Wednesday 13 December 2017

Hotels on course for best year since the downturn

The weather forecast this week may well bring rain to Ballybrit, however, it's unlikely that spirits in the betting ring will be dampened
The weather forecast this week may well bring rain to Ballybrit, however, it's unlikely that spirits in the betting ring will be dampened
Caroline Crawford

Caroline Crawford

GALWAY'S hospitality and hotel sector is bracing itself for its best year since the downturn as the city's annual races kick off.

The city's entire hotel capacity has been sold out for the second half of the annual races, with restaurant bookings also seeing a marked increase.

Over 150,000 are expected to descend on the city over the week. And more than 3,500 hotel beds across the city have been booked to capacity from tomorrow onwards as punters flock to the city.

The news is a huge boost for hoteliers and the hospitality sector that had been holding out for a windfall. The races are estimated to bring between €60m and €70m into the local economy over the week.

Paul Gill, Galway chairman of the Irish Hotels Federation, said booking had been "very positive" leading up to the races.

"It is already ahead of booking patterns. From Wednesday onwards it's almost full capacity and sales for the early part of the week are going well. A lot of hotels are doing deals with race tickets and transfers and they are proving very popular," he added.


The high sales have also seen hotels increase their workforce.

Mr Gill, who is the owner of the Claregalway Hotel, said he had taken on an additional 10 staff for the races and knew of a large number of other hotels which had done likewise.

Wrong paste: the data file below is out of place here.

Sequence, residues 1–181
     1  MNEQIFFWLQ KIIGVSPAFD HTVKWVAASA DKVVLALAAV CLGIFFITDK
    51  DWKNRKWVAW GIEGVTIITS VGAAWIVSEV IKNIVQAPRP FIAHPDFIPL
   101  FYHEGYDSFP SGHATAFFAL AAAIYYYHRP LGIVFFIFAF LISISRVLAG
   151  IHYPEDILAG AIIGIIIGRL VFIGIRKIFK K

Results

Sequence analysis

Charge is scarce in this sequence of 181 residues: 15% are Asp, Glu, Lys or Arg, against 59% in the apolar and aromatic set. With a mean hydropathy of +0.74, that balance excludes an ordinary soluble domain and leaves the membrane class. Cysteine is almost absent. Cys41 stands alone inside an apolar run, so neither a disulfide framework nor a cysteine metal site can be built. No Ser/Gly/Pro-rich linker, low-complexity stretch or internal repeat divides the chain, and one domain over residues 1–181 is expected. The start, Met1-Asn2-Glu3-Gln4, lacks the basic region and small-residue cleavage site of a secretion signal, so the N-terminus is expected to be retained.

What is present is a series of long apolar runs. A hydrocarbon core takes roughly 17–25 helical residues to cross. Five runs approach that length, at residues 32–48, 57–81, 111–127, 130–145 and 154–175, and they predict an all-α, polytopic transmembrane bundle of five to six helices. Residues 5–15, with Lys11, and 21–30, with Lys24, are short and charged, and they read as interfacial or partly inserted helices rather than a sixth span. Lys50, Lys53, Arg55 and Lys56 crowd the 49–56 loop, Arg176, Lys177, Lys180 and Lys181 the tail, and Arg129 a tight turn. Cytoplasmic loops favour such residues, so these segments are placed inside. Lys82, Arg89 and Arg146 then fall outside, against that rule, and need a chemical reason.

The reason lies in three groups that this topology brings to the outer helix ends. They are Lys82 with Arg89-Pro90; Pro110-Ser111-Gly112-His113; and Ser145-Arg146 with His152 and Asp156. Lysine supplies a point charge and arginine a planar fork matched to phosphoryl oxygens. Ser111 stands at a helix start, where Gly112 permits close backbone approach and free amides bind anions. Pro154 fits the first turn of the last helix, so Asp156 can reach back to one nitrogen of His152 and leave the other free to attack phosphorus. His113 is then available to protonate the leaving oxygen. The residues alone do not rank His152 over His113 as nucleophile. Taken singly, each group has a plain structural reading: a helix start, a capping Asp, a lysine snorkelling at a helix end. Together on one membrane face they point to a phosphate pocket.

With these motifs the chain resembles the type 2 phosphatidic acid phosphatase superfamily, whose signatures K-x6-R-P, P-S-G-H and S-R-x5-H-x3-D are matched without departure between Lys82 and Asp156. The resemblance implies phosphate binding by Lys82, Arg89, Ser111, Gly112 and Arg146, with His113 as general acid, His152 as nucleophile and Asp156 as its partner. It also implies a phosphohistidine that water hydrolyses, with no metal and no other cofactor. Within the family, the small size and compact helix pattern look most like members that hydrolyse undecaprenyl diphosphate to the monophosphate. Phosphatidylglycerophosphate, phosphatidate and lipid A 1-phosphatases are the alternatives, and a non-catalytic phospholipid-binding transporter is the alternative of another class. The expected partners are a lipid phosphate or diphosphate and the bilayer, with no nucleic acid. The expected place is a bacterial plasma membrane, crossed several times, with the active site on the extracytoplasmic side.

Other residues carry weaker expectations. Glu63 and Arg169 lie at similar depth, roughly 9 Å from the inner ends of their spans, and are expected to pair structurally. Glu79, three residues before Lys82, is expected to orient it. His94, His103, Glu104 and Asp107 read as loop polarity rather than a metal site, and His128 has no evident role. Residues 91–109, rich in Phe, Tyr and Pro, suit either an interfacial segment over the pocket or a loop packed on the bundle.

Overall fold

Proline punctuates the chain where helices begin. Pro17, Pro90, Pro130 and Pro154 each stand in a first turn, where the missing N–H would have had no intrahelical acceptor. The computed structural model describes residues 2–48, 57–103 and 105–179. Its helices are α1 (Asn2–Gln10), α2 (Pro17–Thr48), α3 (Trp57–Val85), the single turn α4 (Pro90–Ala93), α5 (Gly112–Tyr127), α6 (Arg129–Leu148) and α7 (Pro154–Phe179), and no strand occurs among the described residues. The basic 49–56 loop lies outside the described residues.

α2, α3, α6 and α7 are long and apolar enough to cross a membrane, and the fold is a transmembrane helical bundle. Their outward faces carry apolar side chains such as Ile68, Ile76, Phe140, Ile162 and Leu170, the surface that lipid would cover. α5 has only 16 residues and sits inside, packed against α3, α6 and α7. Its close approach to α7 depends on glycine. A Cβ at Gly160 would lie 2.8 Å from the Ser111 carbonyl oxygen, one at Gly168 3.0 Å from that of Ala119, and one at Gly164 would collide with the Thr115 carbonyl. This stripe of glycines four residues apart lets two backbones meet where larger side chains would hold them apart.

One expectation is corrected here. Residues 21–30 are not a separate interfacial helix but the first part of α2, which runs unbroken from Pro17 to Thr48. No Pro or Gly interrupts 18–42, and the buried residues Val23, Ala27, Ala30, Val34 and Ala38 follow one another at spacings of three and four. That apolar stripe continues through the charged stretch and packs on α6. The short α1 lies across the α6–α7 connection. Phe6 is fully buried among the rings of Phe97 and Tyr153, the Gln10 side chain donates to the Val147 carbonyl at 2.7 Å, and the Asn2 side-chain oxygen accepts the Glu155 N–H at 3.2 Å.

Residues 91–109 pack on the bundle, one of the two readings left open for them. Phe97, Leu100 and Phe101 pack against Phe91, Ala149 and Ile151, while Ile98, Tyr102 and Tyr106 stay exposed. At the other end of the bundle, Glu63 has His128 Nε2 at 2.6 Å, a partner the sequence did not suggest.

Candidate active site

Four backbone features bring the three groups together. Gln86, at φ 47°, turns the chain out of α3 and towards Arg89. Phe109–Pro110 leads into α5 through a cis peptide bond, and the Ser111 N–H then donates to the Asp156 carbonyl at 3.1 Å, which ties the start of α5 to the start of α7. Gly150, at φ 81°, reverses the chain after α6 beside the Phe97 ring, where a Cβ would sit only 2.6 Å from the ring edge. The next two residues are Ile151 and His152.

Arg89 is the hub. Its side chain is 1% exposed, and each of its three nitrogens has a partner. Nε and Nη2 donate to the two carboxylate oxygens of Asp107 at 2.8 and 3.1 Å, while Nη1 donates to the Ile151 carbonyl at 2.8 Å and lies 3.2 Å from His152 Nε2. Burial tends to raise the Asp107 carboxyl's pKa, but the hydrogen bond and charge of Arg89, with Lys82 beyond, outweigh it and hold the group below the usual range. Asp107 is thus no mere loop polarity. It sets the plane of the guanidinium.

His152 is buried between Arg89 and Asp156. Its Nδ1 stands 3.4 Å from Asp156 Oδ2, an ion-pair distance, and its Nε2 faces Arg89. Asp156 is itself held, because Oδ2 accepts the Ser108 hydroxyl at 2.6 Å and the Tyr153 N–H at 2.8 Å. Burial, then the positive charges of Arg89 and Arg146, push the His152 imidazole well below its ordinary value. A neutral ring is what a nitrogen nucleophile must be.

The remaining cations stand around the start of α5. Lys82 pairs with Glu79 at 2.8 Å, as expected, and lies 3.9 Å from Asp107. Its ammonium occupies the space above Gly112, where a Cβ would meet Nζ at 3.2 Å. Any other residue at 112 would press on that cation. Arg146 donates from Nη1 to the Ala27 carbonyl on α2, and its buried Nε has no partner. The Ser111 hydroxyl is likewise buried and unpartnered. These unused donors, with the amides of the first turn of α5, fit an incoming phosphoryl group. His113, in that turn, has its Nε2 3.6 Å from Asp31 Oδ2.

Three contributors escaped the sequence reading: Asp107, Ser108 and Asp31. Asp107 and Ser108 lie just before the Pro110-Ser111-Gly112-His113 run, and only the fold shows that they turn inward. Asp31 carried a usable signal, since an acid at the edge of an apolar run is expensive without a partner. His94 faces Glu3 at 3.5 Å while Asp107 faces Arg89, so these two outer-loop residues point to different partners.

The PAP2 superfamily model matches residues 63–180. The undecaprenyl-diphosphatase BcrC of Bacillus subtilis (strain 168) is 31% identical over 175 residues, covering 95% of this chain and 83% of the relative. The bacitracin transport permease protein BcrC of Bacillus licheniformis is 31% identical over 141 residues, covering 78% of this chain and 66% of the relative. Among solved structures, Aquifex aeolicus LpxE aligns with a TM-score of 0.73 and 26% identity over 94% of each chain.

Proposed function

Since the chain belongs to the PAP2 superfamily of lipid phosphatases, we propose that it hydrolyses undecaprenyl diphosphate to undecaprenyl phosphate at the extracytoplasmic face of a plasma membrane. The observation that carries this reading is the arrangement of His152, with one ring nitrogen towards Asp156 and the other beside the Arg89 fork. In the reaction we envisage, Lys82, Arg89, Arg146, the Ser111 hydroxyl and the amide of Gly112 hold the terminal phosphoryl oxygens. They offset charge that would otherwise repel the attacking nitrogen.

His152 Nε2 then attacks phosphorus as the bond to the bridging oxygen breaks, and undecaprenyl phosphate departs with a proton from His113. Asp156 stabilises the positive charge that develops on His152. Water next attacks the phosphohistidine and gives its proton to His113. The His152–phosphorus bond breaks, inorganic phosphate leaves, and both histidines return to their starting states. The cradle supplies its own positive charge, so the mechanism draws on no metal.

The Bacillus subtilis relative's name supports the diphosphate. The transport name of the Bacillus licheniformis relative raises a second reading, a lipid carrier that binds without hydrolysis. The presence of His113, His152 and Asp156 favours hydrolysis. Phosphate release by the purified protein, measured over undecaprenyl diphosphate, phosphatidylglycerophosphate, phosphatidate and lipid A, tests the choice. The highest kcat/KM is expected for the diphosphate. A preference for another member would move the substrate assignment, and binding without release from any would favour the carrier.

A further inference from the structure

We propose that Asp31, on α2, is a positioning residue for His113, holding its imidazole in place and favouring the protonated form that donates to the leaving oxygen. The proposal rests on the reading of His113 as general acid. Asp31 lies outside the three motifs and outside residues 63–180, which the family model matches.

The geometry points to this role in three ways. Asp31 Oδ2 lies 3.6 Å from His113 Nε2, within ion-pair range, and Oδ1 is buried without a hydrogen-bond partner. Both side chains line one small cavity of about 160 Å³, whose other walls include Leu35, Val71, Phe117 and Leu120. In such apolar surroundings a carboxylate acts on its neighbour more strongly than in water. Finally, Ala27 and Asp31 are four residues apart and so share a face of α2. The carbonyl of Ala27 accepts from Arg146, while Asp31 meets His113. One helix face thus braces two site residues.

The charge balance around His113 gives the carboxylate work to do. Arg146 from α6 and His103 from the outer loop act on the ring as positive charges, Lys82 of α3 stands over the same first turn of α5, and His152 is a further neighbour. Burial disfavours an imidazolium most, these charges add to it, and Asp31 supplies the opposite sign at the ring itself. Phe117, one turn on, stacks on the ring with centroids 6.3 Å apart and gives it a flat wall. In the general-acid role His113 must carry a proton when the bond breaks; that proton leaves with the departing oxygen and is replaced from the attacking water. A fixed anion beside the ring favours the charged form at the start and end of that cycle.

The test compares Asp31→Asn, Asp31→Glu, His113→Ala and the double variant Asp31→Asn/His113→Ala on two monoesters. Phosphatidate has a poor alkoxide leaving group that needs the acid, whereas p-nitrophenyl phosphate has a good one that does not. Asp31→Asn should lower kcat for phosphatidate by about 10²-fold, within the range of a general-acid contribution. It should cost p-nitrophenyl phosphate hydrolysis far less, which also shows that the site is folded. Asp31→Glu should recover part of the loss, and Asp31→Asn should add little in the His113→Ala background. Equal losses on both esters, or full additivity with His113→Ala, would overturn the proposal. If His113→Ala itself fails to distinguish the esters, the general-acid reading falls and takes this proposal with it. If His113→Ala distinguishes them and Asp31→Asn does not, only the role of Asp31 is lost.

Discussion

"Between the hospitality sector and the racecourse itself the numbers of extra people employed for the races is between 5,000 and 6,000. It's a huge boost for the local economy," he said.

Sales for race tickets are also well up on last year with manager of the Galway racetrack, John Maloney, predicting a 20pc increase in sales this year.

"We're up 20pc on pre-sales which is higher than we expected and we're very happy overall with the sales. We'd expect that to follow through throughout the week," he said.

The bookies are also bracing themselves for a bumper week and are expecting to take in €40m.

Hayley O'Connor, from Ladbrokes, said she believed the week would be one of the biggest in recent years.

"We bring a lot of employees to Galway for the races and this has been the most difficult year to get hotel rooms or hospitality bookings. My phone has been going non-stop with people calling looking for tickets this year.

"I really think it's going to be a bumper year. It's only the first day and already our phonelines are going non-stop," she added.

Irish Independent

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